They have always allowed 1 day a week that staff could work from home. The network was originally only designed to support 20% of the team. After IT did some major rework, they estimated it could maintain 80-100% of the workload but were not sure. Without wanting to panic the teams, they encouraged a greater number of people to work from home specifically so that they could test the system. When New York was required to go to lockdown, my husband’s company was ready and confident they could handle the whole corporation’s workload. They saw the potential problem and they followed the steps recommended by their teams to keep their employees operating.

Step 2- Own It

So often we see problems in the world, in an organization, in our relationships. We know the problem is there, but we blame others for the problem. By blaming others, we (according to the book) allow ourselves to be the victims. As victims, we have no responsibility. But we also have no power to change anything either.

This section was really hard for me because I am an over-owner. To the point that I feel guilt and responsibility for things for which I have little ability to control or change the outcomes. It leads to me offering advice unsolicited, developing programs to try and help others, and spending entirely too much of my time trying to solve major problems alone. I then get angry when others feel no responsibility to try to solve them. For example, for over 4 years I have listened to friends and loved ones complain about the political divide in this country and how the other side blames all the ills on them…. and then watch them do the same thing.

Over and over and over.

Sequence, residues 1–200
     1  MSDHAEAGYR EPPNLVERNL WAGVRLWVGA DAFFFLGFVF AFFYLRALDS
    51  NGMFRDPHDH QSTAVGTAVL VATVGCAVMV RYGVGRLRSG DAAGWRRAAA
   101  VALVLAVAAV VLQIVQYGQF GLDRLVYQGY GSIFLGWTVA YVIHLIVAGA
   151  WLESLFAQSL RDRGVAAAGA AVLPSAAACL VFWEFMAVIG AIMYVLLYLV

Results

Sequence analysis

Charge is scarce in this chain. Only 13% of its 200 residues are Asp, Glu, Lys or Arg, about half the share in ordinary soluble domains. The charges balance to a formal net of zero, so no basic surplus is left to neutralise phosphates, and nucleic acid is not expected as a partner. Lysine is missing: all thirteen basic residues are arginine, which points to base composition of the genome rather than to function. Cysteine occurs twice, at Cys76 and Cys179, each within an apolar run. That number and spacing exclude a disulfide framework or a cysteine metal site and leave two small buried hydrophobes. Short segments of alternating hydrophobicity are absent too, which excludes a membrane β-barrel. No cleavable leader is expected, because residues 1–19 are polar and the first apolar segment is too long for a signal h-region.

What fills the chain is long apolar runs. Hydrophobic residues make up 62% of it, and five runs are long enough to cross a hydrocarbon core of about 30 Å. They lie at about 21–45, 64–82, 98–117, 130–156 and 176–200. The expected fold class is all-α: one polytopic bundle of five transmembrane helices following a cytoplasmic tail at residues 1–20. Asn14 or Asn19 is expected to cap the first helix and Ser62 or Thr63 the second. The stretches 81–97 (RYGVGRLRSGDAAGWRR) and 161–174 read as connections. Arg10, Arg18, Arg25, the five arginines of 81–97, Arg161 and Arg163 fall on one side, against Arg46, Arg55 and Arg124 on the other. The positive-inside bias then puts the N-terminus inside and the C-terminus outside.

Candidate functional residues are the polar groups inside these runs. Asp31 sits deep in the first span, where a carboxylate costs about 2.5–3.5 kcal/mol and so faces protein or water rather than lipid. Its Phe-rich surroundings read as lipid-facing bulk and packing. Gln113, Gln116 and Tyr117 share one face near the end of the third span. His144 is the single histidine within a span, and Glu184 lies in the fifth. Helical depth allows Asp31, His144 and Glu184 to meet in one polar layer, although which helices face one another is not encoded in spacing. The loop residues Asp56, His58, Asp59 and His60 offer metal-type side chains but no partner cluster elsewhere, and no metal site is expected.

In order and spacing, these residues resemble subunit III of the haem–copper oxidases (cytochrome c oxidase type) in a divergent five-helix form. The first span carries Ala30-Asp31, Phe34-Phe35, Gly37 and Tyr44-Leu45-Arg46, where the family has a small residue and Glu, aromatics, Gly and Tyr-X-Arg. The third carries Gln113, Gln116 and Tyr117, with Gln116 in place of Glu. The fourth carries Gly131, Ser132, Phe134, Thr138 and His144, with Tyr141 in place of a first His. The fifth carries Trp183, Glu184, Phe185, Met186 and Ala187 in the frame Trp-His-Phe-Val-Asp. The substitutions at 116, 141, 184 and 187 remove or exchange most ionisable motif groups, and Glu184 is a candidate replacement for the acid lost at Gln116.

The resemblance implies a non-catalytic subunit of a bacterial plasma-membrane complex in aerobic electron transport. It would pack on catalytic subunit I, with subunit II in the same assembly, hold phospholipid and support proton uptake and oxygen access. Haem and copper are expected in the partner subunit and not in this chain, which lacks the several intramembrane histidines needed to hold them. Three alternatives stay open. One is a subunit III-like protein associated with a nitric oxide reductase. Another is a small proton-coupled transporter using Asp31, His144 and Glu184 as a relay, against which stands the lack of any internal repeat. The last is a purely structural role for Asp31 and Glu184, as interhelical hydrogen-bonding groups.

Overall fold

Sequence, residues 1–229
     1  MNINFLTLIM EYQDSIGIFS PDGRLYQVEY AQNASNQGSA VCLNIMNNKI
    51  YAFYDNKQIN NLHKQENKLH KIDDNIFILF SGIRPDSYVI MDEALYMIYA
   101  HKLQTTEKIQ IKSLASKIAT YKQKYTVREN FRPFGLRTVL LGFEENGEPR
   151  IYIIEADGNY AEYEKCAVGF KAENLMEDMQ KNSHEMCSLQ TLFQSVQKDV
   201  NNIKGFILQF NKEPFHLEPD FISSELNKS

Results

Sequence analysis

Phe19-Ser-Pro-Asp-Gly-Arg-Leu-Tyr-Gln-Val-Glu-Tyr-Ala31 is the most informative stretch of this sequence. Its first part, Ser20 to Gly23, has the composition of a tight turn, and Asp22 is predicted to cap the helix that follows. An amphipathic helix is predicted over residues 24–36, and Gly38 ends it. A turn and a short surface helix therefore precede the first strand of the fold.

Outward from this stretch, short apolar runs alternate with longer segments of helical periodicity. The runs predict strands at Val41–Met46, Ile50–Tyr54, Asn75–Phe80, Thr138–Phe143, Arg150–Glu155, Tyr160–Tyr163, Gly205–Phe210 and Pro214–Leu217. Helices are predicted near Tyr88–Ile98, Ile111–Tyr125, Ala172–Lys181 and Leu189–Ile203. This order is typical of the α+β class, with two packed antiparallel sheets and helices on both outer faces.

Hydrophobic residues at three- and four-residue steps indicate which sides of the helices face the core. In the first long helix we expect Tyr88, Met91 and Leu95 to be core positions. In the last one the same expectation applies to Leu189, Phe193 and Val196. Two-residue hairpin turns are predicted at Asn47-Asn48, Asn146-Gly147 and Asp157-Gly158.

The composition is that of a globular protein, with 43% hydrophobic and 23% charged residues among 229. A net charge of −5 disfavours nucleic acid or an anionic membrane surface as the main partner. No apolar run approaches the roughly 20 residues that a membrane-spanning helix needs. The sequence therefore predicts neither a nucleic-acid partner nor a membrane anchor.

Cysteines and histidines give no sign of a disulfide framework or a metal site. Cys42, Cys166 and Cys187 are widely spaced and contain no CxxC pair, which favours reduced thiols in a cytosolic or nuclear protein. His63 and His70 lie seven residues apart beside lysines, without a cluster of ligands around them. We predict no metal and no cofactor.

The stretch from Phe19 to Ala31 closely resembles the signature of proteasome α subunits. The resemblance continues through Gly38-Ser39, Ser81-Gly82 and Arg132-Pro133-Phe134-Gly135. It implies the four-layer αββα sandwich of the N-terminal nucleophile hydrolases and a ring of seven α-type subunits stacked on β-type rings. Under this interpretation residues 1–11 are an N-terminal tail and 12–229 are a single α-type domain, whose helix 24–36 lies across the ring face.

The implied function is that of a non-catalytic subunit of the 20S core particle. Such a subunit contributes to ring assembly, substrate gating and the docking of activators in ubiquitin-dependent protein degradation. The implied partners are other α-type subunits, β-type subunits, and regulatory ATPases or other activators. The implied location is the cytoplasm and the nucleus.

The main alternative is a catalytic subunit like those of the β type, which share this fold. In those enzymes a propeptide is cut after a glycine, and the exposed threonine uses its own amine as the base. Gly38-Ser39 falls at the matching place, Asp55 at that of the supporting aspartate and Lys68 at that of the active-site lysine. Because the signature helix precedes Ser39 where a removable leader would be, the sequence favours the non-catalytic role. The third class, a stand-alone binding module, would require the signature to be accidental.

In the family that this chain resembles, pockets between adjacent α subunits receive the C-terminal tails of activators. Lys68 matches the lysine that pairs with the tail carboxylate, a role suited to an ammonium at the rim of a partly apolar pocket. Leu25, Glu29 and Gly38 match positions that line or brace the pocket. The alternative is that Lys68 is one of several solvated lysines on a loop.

I point out when people are doing it, suggest non-biased articles to “fact-check” opinion bias, and try to get either side to see the other’s point. In return, I am called a Libtard by one side and an Alt-right “snowflake” by the other.

Oh Really now

I can’t fix how people choose to communicate, however, I can choose how to invest my time. If my previous approach one-on-one is not working, I can choose to take a different approach. In my case, rather than telling people why they are wrong, I refer them to Fighting Disinformation. I suggest that they take a look at some of the tools and recommendations to aid in fighting disinformation.

Step 3- Solve It

This is the natural progression of seeing the problem then owning the problem. If you own it then you empower yourself to take the next step, solving the problem. When I got to this section I realized that perhaps I had experienced this more than I thought. When everyone is implementing the Oz Principle, then everyone welcomes input on how to address problems. When you operate in a siloed management style where X department is responsible for Y then having someone not from your department pointing out a problem that exists and making recommendations to address said problem could feel like blaming or finger-pointing instead of that person taking ownership of helping to address a problem. No matter how much “we” language that person coaches the suggestion in. The same in your personal relationships. When someone asks for advice and you provide concrete steps for them, often they justify and shut down the advice you offered because for them your advice may feel like blame. What they really are looking for is someone to tell them it is not their fault.

No alt text provided for this image

Step 4- Do It

It is impossible to get to Do It if you cannot agree that there is a problem. Then take responsibility for solving the problem. You must also come up with a solution to the problem. Yet, once you establish those elements, it is not guaranteed that the “Do it” part of the equation will happen or continue to happen. It is easy to slip back into old habits or ways of doing things. Creating systems to help remind one another to continue operating with The Oz Principle is key to keep moving forward.

The suggested way to do so using The Oz Principle is to look at actions and behaviors that “separate success from failure”. “Above The Line” represents the area of “accountability and success”. “Below The Line” represents the area of “self-victimization and failure.”

Using those terms allows everyone to support and monitor themselves and the organization in the path to improvement and growth.